There is a very simple and very useful reason to have mark or space parity that appears to be left out here: node address flagging.
Very low-power and/or small embedded systems sometimes utilize an industrial serial bus like RS485 or RS422. Perhaps many very tiny processors may be attached to the same bus.
These tiny devices don't want to waste power or processing time looking at every single character that comes in over the serial port. Most of the time, it's not something they're interested in.
So, you design a bus protocol that uses for example maybe 9 bits... 8 data bits and a mark/space parity bit. Each data packet contains exactly one byte or word (the node address) with the mark parity bit set. Everything else is space parity. Then, these tiny devices can simply wait around for a parity error interrupt. Once it get's the interrupt, it checks that byte. Is that my address? No, go back to sleep.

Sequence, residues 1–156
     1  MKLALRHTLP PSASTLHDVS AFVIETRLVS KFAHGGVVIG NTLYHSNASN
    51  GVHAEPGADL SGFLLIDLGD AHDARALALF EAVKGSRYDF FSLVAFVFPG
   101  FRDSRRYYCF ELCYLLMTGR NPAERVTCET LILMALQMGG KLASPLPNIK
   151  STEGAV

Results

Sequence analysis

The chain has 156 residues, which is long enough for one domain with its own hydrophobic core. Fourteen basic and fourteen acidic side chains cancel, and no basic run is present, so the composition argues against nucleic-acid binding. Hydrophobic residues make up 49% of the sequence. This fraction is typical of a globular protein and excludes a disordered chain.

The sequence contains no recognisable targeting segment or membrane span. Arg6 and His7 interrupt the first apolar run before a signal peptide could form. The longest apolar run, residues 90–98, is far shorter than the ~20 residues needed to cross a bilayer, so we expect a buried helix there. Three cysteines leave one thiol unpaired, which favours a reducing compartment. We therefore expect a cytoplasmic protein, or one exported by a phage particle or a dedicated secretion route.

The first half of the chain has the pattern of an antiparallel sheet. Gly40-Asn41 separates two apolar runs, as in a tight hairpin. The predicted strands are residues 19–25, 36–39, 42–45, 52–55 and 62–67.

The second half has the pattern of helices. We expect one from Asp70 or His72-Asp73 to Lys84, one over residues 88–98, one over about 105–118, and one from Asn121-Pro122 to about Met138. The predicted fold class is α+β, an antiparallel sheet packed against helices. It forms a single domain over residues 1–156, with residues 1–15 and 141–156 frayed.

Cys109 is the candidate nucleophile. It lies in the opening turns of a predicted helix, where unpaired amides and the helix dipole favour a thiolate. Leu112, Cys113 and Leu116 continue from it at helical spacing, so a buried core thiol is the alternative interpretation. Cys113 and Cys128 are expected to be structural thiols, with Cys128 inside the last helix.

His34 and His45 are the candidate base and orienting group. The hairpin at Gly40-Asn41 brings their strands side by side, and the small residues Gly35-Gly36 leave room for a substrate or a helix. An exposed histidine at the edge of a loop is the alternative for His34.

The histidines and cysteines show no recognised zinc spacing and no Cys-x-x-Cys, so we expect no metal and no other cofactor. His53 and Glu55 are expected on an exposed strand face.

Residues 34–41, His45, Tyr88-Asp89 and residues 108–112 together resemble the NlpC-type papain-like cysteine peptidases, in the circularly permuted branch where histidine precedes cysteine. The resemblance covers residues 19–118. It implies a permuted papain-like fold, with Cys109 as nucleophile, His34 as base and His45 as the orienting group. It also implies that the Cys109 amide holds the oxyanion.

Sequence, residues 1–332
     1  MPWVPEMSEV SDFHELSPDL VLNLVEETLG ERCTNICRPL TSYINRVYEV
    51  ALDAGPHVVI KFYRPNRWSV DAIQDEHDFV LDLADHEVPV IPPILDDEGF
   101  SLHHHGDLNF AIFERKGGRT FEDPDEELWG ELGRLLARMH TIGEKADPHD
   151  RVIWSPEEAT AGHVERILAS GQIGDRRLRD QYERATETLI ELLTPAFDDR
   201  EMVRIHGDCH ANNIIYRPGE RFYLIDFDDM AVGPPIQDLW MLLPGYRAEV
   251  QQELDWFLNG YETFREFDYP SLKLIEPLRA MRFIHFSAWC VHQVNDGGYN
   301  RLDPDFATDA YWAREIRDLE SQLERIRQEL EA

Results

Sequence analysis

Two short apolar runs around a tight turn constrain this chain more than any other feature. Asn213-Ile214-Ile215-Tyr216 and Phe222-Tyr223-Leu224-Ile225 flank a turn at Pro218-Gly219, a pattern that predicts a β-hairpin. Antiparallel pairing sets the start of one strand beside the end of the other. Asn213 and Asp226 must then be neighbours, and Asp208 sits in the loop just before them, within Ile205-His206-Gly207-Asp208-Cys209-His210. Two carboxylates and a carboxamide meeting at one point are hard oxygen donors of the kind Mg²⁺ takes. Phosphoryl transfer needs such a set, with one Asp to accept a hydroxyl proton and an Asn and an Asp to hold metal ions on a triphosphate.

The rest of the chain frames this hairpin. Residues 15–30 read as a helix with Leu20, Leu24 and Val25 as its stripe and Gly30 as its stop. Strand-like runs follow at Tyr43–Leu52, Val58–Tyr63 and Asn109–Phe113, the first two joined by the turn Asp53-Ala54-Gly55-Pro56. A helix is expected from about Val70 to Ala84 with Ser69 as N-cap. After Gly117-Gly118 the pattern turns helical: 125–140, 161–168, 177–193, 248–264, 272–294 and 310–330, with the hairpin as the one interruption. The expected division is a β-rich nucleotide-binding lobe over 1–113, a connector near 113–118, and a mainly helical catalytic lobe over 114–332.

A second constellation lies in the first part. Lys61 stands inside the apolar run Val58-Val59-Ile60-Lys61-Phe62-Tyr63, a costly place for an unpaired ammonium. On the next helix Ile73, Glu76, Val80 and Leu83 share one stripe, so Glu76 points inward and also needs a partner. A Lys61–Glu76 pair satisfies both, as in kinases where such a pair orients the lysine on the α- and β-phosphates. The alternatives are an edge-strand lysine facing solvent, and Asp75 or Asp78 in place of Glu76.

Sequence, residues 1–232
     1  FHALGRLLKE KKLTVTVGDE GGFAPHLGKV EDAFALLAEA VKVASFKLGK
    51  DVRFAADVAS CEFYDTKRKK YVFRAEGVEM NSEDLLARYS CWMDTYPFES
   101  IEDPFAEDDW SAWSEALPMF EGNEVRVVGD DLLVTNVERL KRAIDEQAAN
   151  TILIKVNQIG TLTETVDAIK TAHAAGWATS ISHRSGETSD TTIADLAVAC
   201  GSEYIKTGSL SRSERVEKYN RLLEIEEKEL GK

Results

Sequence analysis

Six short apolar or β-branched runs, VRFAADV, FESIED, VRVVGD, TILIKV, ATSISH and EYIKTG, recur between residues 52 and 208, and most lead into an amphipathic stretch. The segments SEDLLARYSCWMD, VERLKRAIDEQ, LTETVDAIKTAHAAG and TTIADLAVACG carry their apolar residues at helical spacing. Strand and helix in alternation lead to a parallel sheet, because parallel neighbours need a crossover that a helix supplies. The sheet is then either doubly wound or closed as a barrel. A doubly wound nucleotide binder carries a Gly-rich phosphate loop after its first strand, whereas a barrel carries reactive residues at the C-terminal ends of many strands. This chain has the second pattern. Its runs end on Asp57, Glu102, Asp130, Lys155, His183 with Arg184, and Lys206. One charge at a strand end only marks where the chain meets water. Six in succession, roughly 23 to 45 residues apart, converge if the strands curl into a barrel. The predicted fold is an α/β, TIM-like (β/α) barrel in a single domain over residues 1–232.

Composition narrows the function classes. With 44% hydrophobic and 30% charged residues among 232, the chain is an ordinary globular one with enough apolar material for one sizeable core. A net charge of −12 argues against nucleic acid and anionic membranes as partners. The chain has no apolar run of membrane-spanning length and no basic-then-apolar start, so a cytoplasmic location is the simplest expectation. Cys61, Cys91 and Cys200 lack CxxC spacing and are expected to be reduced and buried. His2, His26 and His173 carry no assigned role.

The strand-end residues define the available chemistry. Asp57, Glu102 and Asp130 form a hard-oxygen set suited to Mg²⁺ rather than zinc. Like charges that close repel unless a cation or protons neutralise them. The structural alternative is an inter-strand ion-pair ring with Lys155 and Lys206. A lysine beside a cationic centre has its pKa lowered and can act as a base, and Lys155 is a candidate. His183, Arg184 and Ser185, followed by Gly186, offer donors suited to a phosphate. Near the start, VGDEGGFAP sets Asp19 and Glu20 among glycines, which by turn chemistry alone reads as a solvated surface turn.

It's a very power-efficient system... and only 10% wasteful on bandwidth. In many environments, that's a very good trade-off.
So... if you've then got a PC-class system trying to TALK to these tiny devices, you need to be able to set/clear that parity bit. So, you set MARK parity when you transmit the node addresses, and SPACE parity everywhere else.